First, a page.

Left: Some color swatches and blends. Because the fragrance to these paints was so overpowering (I had a raging headache at 30 minutes) I only dispensed and tried a few of the colors, as shown here. Click on the image to view an enlargement.
The biggest drawback to this particular line of colors is that there is no true red and no true yellow—well “true” is an imprecise word—no red or yellow which is clean enough in presentation that you can easily mix all the colors for things in nature that are not quite as neutralized as the mixing of earthcolors will yield. A useful palette from this line can be helped by adding a Hansa or Asa Yellow and a Pyrrol Red.
In working with these paints I discovered the following information that will help you make a decision on whether or not to experiment with these paints.
Currently the paints come in small plastic jars, much like some eyeshadow or make-up products might come in. (I don’t wear make-up so I might be behind the times on how make-up is packaged, but these are small plastic jars of the type my college girlfriends always had around.)
This is an unfortunate way to pack paint for a working artist. The jars come labeled with a wrap around label that you must peel off in order to open the lid. This action either leaves a residue of stickiness on the jar or the label detaches itself when left alone. (I couldn’t work with the paints for 2 months because of illness and all the labels were detaching by that time.)
Next the paint is a somewhat runny consistency. (This too changed over time, depending on how long I waited to open the jars and how long the jars had been unsealed but closed, before use.) What you are faced with when you open a jar is a top seal to peal off (a pain for someone with very short fingernails) and a pot of paint which may or may not be running up the side of the jar onto the seal (depending on how it was stored). This means very messy opening.
When I quiried about the "normal" consistency of their paint I was told it should be semi-moist and that there will be variations from pigment to pigment (normal in tubed watercolors too). If you are using a watercolor like Daniel Smith or M. Graham in tubes you will find this paint, at least initially, runnier than that tubed paint.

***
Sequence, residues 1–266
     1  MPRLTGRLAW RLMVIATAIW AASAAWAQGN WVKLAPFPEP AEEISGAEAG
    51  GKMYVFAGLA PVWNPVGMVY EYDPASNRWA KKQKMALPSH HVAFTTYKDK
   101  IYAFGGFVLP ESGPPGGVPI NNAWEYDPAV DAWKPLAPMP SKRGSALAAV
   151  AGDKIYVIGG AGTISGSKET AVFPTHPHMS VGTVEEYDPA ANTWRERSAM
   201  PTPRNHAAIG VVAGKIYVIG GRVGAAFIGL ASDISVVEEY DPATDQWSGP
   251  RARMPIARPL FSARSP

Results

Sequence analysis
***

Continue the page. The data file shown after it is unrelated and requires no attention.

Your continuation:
You’ll next have to find a way to dispense the paint onto your palette (no student of mine will work straight from the jars!). A small spatula that’s about ¼ inch wide, or a dedicated paint knife will suit.
There is no way that you can travel into the field easily with these little jars. Taking the lids off in the field juggling them and your other gear while you make a spot to sit or stand will be a feat worthy of a Cirque du Soleil performance, even for a coordinated artist. Throw in a windy day in fall when seeds and dust fill the air and it's a contamination problem of serious proportions.
This is definitely a paint that needs to be dispensed onto your palette at home and then carried upright, and carefully into the field. (Even if the company came up with a small tray that the tubs could snap into you would have to juggle the caps and you’d be forced to work in your main jar of color, thus contaminating your main source.)
If you are a studio painter you can take your time with this paint, and clean up your hands at your leisure.
My first exposure to the paint was jaw dropping. I opened one jar and the floral smell which emerged knocked me back. I had to close the jar and rethink how and when I was going to use the paints in trial (since I couldn’t take them outside to work with them because of the previously mentioned issues).
When I finally did my painting test I couldn’t spend longer than 30 minutes with the paints out on my palette. I had to pack everything up, wash off the palette, put the paintings in a back room to air out, and change my clothes (because I’m a painting slob and I often use my pants as a brush rag; but I even had to change my shirt because I got one small drop of waste water on my shirt).
If you read my blog frequently you’ll know that I am sensitive to smells.